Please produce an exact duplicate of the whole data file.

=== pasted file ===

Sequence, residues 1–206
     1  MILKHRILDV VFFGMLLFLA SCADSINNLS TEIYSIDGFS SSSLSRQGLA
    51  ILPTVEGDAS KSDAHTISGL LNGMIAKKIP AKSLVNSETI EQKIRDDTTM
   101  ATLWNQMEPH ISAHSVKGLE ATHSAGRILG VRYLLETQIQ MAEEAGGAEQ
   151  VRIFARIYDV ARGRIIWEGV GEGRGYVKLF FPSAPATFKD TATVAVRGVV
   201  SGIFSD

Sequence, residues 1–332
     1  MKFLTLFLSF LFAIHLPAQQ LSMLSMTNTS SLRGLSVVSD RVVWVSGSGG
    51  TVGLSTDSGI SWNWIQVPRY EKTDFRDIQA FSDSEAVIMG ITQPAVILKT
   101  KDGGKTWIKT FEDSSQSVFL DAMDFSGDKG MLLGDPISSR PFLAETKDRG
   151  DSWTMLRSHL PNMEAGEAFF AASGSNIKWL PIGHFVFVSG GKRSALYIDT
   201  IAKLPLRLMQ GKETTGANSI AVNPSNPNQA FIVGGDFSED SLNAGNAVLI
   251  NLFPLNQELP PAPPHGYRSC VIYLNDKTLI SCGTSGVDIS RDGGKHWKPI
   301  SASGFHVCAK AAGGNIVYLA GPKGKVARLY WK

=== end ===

Sequence, residues 1–206
     1  MILKHRILDV VFFGMLLFLA SCADSINNLS TEIYSIDGFS SSSLSRQGLA
    51  ILPTVEGDAS KSDAHTISGL LNGMIAKKIP AKSLVNSETI EQKIRDDTTM
   101  ATLWNQMEPH ISAHSVKGLE ATHSAGRILG VRYLLETQIQ MAEEAGGAEQ
   151  VRIFARIYDV ARGRIIWEGV GEGRGYVKLF FPSAPATFKD TATVAVRGVV
   201  SGIFSD

Sequence, residues 1–332
     1  MKFLTLFLSF LFAIHLPAQQ LSMLSMTNTS SLRGLSVVSD RVVWVSGSGG
    51  TVGLSTDSGI SWNWIQVPRY EKTDFRDIQA FSDSEAVIMG ITQPAVILKT
   101  KDGGKTWIKT FEDSSQSVFL DAMDFSGDKG MLLGDPISSR PFLAETKDRG
   151  DSWTMLRSHL PNMEAGEAFF AASGSNIKWL PIGHFVFVSG GKRSALYIDT
   201  IAKLPLRLMQ GKETTGANSI AVNPSNPNQA FIVGGDFSED SLNAGNAVLI
   251  NLFPLNQELP PAPPHGYRSC VIYLNDKTLI SCGTSGVDIS RDGGKHWKPI
   301  SASGFHVCAK AAGGNIVYLA GPKGKVARLY WK